How To Use A Red Dot [2022] A Practical Guide

by Travis Pike

January 20, 2022

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Red dots rule! They dominate the optic market currently, with high-quality red dots being produced by nearly every major optics company. Red dot optics come in all sizes, shapes, and designs. Red dots are at home on nearly any weapon. They can are perfect for carbines, shotguns, or even handguns. Heck, you can shove them on trap guns, lever-action brush guns, and big bore revolvers. If it goes bang, it can likely be improved with a red dot. 

My Favorite Red Dots 

Below I have listed my favorite Red Dots for difference scenarios and why I chose this option.

What’s a Red Dot? 

Oh man, I might have gotten ahead of myself. Let’s explain what a red dot is. A red dot is a firearm’s optic (although they work on bows, too) that are very simple. These optics are designed for close to moderate range shooting. From 1 foot to 200 yards or so, a red dot does very well. Red dot optics gain their name because they use a red dot as the reticle. 

It’s superbly simple but very practical and easy. When the optic is properly zeroed, it’s as simple as putting the dot on the target and pulling the trigger. I won’t dive too deep into the technology, but they function very simply. An LED emitter sits inside the optic and shoots forth a red beam of light that gets caught on the front lens of the optic.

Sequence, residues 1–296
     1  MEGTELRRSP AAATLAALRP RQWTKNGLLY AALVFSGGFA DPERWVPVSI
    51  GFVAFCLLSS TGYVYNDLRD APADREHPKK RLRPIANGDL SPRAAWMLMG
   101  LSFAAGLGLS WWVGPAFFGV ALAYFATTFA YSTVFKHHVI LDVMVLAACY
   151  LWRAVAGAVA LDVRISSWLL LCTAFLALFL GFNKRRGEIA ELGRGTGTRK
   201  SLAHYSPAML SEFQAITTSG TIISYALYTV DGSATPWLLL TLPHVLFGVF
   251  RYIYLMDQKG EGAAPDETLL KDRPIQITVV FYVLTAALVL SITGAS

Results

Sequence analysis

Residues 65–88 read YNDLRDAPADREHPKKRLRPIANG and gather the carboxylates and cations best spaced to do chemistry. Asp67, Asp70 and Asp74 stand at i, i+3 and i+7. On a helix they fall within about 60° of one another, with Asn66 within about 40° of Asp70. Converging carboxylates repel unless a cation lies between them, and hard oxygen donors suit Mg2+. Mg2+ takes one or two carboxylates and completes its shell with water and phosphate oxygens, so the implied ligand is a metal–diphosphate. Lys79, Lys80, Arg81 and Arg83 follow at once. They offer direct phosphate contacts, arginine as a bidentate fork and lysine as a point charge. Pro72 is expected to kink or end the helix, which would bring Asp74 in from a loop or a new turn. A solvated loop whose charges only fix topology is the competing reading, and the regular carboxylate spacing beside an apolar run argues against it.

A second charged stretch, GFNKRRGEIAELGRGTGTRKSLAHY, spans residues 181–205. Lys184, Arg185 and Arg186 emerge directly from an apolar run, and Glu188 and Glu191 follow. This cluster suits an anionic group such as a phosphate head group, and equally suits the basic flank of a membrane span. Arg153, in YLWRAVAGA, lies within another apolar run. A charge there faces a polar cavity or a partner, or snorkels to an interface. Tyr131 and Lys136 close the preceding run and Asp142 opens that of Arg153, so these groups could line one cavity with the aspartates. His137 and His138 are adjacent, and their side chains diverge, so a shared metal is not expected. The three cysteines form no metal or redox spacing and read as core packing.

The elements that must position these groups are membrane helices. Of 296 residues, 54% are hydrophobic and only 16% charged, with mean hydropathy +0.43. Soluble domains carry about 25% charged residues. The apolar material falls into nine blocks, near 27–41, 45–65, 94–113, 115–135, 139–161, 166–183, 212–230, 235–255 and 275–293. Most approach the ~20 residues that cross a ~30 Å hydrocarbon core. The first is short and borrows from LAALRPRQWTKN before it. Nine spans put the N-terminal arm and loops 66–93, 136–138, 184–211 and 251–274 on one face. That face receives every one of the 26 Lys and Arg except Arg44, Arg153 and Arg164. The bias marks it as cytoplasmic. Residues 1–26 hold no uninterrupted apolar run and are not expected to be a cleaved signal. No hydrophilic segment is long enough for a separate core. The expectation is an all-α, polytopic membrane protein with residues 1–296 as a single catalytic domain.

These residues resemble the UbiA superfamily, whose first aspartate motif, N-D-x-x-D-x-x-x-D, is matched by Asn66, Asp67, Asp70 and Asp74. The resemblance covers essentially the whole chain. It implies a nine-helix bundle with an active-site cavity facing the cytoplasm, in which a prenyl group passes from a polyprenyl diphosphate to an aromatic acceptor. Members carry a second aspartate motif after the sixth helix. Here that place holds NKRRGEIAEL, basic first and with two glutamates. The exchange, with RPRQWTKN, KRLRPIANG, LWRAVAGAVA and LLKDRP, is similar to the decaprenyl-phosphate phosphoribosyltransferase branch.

The light is reflected on the optic, and the reason why is that a special coating is applied to the lens. This coating only reflects red light and lets other colored light pass through without issue. Lots of red dots have a noticeable tint that’s bluish in color; this helps brighten the dot and make it appear more vivid and clear. 

Favorite Red Dots by Type

Sig Romeo 1 Pro
  • Favorite for Handguns
  • Large Window
  • 3 or 6 MOA reticle Options
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Holosun 507K
  • Favorite for Subcompact Handguns
  • Lightweight
  • Multiple Reticle Options between versions
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Holosun 507C
  • Favorite for Shotguns
  • 2 MOA dot, 32 MOA circle or combination
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Aimpoint T2
  • Favorite for Carbines
  • Small and Lightweight
  • Super Tough Optic
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How to Use a Red Dot

Below I have outlined my procedure in how to use a red dot. I go through my tips and ticks, the process of Mounting a Red Dot, Zeroing in your Red Dot and also looking at using red dots in a Practical Application.

Step One – Mounting